Despite being threatened by tablets for a while, laptops aren’t going away any time soon and Microsoft is back with a new version of the impressive Surface Book. We’ve been hands-on at Microsoft Future Decoded so here’s our Surface Book 2 review.
Surface Book 2 Price
The Surface Book 2 is undoubtedly an attractive laptop, but the big question here is whether you can afford it.
With prices starting at £1,499 not many laptop buys are going to have enough cash to get even the cheapest model. At this level the Surface Book 2 is competing with some serious rivals including the MacBook Pro.
That starting price will get you the smaller 13.5in model which goes all the way up to a whopping £2,999 if you want the top-spec model with a Core i7. We’ll explain the different configurations later on.
There is a larger 15in Surface Book 2 but this won’t be available in the UK until early next year – it’s coming out in the US first.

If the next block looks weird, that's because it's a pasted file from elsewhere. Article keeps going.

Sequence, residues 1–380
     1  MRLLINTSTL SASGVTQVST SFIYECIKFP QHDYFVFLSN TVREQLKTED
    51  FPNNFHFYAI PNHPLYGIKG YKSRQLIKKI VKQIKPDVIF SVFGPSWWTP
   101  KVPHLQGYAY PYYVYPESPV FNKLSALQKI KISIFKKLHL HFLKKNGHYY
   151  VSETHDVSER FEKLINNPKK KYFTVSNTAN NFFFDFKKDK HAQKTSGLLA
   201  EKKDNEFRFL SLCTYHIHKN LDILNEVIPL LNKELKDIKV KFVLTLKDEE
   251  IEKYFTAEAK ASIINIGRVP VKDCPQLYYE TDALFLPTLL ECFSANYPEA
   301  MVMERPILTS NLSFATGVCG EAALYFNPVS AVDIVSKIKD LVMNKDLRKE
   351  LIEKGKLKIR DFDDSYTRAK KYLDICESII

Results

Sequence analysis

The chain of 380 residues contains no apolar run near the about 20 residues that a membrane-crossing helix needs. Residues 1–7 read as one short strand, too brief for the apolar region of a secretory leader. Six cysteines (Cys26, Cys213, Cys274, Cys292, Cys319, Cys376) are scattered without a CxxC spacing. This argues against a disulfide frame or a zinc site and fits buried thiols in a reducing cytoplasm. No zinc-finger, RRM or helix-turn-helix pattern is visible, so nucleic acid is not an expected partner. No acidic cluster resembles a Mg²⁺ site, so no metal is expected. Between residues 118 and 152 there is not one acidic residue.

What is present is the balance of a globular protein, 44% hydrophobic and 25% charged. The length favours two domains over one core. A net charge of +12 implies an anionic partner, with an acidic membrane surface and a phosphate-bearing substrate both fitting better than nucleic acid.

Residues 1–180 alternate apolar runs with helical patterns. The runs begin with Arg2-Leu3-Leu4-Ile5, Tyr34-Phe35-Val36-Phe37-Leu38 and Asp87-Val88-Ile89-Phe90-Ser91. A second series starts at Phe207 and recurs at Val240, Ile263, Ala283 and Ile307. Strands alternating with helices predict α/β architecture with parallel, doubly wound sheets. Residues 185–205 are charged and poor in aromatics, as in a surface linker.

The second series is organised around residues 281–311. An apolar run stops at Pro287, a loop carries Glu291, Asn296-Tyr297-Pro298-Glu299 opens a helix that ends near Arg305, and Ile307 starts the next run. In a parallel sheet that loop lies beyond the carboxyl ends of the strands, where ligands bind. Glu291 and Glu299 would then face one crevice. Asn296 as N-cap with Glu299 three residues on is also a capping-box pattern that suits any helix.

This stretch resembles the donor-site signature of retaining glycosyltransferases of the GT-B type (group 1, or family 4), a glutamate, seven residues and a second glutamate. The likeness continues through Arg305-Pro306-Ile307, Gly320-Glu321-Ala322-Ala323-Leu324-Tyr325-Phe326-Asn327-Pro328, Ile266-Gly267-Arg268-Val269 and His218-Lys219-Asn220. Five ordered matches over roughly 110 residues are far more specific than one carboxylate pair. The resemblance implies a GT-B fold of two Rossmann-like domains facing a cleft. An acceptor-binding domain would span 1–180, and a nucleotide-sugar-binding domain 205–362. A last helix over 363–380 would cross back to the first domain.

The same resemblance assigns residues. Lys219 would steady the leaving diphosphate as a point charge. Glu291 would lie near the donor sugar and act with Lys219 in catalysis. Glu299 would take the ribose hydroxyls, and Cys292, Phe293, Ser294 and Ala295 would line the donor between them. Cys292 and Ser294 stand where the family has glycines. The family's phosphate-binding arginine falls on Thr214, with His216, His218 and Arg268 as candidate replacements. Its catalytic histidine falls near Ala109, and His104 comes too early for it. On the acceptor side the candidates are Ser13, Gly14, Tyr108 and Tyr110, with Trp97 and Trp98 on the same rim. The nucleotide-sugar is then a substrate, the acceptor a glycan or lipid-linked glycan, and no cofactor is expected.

You can pre-order the Surface Book 2 from 9 November.
Surface Book 2 design and build
There’s little about the design of the Surface Book 2 that’s different compared to the original and we can hardly blame Microsoft for this.
Microsoft has once again opted for a silver casing made from magnesium and overall the device once again looks and feels very luxurious. Build quality is up there with the best laptops around and you’d hope so at these prices.
Clean lines and symmetry are on show here as is Microsoft’s clever Dynamic Fulcrum Hinge. Once again the Surface Book 2 is a 2-in-1 device so it’s a laptop and a tablet.
A clever electronic ‘muscle wire lock’ system is still in use to connect the two sections together rather than magnets. It’s solid and there are improvements like fewer parts to make it lighter and a more seamless disconnect. The release button must be held down so don’t do it accidentally.
You’ll need to release the tablet section if you want to use it without the keyboard or two spin it 180 degrees for other usage modes. The hinge doesn’t fold the screen all the way over like some 2-in-1 devices.